Research & AnalyticsSociety

Nullification of Commitments to Russia: Forecast for Development of Post-Soviet States

Kremlin

The balance of power in the world is changing, as well as the situation at the regional level. This is important to understand for conducting a full analysis of trends and processes that will take place in post-Soviet countries in 2021.

The second stage of the collapse of the Soviet geopolitical space, associated with the weakening of Russian influence in Central Asia, the war in Nagorno-Karabakh and the crisis in Belarus, brings qualitatively new players to the Eastern European chessboard who had not previously played a major role in local processes. At the same time, the old problems have not disappeared but even increased in 2020. This is the opinion of the Ukrainian Institute for the Future, which made a forecast for the development of Ukraine, Armenia, Moldova and Belarus in 2021.

The collapse of the Soviet geopolitical space, accelerated by the coronavirus pandemic, requires the countries of the former USSR to take rapid, concrete and systemic steps to accomplish several important tasks, namely:

  • Survive geopolitical upheavals.
  • Reboot the national political system to eliminate toxicity, nullify commitments to Russia, and update the social contract.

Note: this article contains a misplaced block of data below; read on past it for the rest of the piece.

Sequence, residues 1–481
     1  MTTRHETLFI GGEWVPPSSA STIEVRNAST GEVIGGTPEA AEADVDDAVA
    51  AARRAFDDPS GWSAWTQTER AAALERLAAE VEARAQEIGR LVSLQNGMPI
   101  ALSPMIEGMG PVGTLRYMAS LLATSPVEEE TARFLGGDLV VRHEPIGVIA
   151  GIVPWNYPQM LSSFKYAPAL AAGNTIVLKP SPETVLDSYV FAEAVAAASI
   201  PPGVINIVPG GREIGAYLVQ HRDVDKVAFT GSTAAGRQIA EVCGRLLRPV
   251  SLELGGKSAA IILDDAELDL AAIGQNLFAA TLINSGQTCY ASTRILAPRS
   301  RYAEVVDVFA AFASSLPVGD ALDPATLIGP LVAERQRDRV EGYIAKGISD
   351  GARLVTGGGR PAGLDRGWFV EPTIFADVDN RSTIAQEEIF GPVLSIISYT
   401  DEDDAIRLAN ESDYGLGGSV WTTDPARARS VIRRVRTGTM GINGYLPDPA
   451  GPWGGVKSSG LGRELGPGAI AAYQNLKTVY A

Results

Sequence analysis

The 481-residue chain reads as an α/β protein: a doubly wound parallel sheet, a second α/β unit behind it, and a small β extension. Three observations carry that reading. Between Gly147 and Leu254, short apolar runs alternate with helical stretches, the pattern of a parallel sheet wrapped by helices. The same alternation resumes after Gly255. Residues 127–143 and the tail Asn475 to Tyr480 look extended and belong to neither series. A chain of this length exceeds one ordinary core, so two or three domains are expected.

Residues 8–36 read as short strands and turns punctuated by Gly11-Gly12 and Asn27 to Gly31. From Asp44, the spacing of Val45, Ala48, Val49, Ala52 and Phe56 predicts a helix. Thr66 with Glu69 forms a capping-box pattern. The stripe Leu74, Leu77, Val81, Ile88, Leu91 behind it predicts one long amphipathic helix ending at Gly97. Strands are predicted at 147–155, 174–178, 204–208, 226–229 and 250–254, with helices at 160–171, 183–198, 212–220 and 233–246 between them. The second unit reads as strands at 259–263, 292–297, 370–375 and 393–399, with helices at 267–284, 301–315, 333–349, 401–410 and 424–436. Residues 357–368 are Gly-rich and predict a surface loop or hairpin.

• Redistribute financial flows to launch a number of reforms necessary for socio-economic stabilisation.
  • Form a new foreign policy, taking into account the post-Russian environment and a multipolar, quasi-chaotic and extremely dynamic world.

Ukraine

Ukraine KiyvUkraine is entering 2021 with a complex institutional crisis of the state and this crisis (not corruption or even the economy or the war in Donbas) will be crucial for the further socio-economic situation in the country.

The European direction will develop weakly and not very actively. The EU is busy overcoming the internal crisis, allocating funds for economic recovery, stabilising political discourse, tackling migration, curbing Chinese expansion and American protectionism.

In recent years, Ukraine has become a minor foreign policy issue of the European Union. Ukraine is viewed through the prism of two important processes that are important for Europeans – the conflict in Donbas and relations with Russia.

Ukraine still has no initiative providing a broad understanding of the settlement of the conflict in Donbas with a serious discussion of humanitarian, socio-economic, legal, property, land, educational issues in the occupied territories and aspects of their potential reintegration. Instead, the only things that often break through the information space are some provocative theses about organisation of local elections in the occupied territories, joint patrols with militants, creation of a free economic area, full amnesty, and so on. Therefore, the agenda in the negotiations is formed not by Ukraine, but by our Western partners, who sometimes take an even more “pro-Ukrainian” position than Ukraine itself as it was seen in the case of the establishment of the Advisory Commission within the TCG in spring 2020.